By Kathleen Vanesian
By Amy Silverman
By Robrt L. Pela
By Jim Louvau
By Kathleen Vanesian
By Benjamin Leatherman
By New Times
By Becky Bartkowski
In fact, those who are one with the Power of the Bag contend that the less you know about what's inside a sack, the better. After all, a little mystery never hurt the imagination. And a little imagination and a pinch of yearning never hurt business.
"I've had retailers tell me many times that the bag was more important to their image than the merchandise in their store," says Jacobson. "Simply because the bag is what is seen out on the street; it is what gives customers their first impression of the store."
That's the mercantile dream behind all of the bags in this show: to brand a fine first impression about a merchant or product on the dark cerebral lobe that controls the human credit-card reflex.
Take the triangular Takashimaya bag. This is a case where the owners of the business consciously sought an eye-catching fusion of packaging and perception.
"When that bag was made, about seven years ago," Jacobson recalls, "it was the first triangle-shaped bag on the market." The bag was designed to hold a triangular box. Jacobson can't quite recall what went into the box, but does that really matter?
What the brains behind shopping bags hope you'll see in them is your own image as a shopper, so when you glance at the Takashimaya sack, or the painted faces of youngsters on the Benetton bag, the eye-dazzling image on the Heard Museum's bag, or the three-dimensional route of the words around the bag from the Metropolitan Museum of Art, or the elegant graphic expression of the one from Felissimo, you can find something distinctive, something worth remembering and identifying with.
Sackophiles will tell you that almost everyone--excluding petroleum executives--wants to identify with paper, not plastic. And, as the bags in this show indicate, people prefer bags with handles.
Despite Andy Warhol's claim "that's not fake anything, it's real plastic," plastics are associated with cheap, says Upchurch. "Although you can store plastic bags easier," she adds, "they don't hold their form."
"They're too floppy and flexible," says Boyle, "and because the plastic is so thin, they can't take such elaborate designs as paper."
"In market research that Eddie Bauer and JC Penney shared with us," he says, "they found that the customer had a perception that the paper bag was far less environmentally invasive. It was more friendly. It was recyclable."
This, despite that many of the coatings that add vibrancy to the colors and surfaces of paper bags render them unrecyclable.
Researchers are finding, says Green, that customers are even more specific about their handles: They want a handle that will slide up above their wrist, so their hands can be free to pick up more merchandise--and hopefully to pay for it. Shopping bags persist in being seen by the security forces at malls and stores as shoplifting bags.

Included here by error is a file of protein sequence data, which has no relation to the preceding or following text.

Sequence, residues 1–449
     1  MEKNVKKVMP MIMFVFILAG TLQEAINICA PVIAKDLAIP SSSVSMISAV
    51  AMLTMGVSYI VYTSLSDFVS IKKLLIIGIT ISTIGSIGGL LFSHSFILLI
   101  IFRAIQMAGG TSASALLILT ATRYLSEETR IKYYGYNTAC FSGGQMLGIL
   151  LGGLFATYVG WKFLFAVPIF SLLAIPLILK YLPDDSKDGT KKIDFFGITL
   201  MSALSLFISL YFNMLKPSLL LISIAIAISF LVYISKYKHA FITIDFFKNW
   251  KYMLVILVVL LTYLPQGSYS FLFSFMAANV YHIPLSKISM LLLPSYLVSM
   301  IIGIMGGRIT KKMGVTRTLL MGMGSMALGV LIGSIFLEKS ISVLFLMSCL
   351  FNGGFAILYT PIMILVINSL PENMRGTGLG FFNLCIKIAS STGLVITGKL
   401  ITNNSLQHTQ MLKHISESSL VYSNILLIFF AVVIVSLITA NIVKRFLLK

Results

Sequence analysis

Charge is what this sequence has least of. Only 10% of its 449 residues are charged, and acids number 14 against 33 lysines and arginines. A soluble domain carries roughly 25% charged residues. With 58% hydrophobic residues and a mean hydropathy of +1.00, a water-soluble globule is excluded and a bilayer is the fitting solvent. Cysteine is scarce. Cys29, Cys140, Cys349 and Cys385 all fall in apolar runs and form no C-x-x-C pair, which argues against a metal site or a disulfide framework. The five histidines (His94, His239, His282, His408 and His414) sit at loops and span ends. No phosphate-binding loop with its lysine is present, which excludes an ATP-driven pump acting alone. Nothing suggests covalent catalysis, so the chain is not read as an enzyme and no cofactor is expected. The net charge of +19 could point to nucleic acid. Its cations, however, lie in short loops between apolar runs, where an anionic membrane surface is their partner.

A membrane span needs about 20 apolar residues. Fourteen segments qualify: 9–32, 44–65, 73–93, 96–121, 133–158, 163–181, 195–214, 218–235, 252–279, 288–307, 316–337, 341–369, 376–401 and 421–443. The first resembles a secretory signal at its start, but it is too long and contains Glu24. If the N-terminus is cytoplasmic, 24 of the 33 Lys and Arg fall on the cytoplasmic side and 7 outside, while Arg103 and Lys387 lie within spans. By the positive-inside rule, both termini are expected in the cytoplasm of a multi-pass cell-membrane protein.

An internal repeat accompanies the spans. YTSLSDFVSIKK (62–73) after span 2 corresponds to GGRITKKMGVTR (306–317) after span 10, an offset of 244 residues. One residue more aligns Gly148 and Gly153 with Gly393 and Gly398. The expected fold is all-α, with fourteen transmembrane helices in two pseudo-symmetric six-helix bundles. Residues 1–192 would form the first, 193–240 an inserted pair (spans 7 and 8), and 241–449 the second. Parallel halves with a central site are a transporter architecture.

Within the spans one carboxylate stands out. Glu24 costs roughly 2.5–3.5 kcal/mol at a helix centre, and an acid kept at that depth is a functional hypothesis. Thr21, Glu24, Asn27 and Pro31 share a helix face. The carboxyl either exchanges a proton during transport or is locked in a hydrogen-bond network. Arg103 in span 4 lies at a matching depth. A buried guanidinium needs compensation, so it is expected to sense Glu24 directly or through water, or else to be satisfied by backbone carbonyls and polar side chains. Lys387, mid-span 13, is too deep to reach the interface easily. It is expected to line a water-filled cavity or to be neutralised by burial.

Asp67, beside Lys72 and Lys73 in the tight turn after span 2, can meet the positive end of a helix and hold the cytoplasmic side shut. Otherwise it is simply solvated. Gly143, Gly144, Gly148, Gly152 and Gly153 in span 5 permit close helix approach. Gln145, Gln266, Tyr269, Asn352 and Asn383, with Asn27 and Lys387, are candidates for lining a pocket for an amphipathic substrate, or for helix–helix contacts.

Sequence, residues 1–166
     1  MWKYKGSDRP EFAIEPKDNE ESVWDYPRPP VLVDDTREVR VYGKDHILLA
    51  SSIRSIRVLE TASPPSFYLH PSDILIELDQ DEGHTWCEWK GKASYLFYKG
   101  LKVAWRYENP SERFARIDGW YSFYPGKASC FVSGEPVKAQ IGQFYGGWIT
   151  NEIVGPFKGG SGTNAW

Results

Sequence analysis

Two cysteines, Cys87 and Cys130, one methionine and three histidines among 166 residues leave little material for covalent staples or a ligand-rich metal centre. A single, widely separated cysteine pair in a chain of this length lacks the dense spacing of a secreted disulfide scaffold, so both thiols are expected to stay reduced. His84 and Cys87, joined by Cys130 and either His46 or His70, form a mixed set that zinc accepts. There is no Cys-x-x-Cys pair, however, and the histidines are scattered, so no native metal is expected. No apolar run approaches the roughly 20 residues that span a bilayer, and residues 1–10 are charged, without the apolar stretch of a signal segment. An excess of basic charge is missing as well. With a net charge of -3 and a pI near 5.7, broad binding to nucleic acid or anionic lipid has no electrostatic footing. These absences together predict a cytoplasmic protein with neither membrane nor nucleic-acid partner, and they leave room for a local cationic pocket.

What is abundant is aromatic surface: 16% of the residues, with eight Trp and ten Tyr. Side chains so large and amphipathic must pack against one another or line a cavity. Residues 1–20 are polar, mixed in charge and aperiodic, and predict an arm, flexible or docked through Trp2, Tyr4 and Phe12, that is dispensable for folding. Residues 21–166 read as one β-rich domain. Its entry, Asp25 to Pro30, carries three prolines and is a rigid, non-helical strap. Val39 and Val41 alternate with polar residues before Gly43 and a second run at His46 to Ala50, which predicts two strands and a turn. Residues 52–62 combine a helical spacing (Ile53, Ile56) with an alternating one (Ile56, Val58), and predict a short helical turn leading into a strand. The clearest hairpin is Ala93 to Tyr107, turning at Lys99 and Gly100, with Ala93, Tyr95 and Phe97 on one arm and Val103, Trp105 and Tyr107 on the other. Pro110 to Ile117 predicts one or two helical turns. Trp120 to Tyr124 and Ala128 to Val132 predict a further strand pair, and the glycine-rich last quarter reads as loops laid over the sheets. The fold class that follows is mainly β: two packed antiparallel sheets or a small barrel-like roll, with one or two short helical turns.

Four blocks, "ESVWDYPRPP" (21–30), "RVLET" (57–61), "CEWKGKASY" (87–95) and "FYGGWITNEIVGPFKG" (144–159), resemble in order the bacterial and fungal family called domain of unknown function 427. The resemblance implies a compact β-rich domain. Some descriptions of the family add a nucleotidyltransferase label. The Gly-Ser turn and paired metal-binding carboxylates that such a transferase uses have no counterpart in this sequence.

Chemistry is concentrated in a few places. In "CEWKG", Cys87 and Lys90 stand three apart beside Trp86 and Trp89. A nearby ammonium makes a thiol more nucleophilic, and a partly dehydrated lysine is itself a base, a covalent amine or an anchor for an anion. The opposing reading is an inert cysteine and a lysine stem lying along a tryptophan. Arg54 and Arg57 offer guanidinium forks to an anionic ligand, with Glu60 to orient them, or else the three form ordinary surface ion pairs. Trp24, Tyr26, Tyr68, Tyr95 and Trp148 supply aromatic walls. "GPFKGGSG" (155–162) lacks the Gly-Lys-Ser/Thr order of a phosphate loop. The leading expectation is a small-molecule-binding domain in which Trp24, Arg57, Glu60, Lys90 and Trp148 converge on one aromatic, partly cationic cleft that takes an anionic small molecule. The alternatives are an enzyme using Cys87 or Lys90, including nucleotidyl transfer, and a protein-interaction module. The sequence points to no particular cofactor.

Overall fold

No one really knows what these marketing gestures to memory and usefulness are worth to business. But it's safe to say that the impulse buying they're intended to trigger far exceeds the estimated $1 billion American businesses spend annually on paper shopping bags.
That figure covers everything from the specialty bags exhibited at ASU, and taco and hamburger pouches, to the always-versatile brown paper bag--known in the industry as the self-opening sack. However, it doesn't include the considerable sums that go into the design of bags and packaging.
And, says Jacobson, "the market keeps changing. The resale or specialty bag has cut into the greeting-card market, and it's also cut into the gift-wrapping market."
The one sure thing is that the types of bags in this show are a growing chunk of the business. In fact, it's probably the one area of the paper-packaging industry where there's actually something new, says David Stuck, a spokesman for the American Forest and Paper Association, an industry group. An unexpected boom, considering that 30 or so years ago, bag people feared that the American passion for automobiles would make the need to schlep a shopping bag obsolete. Like most threats of obsolescence, this one apparently sparked a boom in variety and invention. It led to a search for more opportunities and places where the old urge to buy and the need to carry could renew the meaning of bags.
One of those places, says Upchurch, is the airport: "You can just sit there for hours and watch all the beautiful bags going by." She pauses, "Well . . . some people can."
"Portable Design: A Selection of Shopping Bags" continues
through Friday, June 28, in Design Gallery at the College of Architecture and Environmental Design on the Arizona State University campus in Tempe.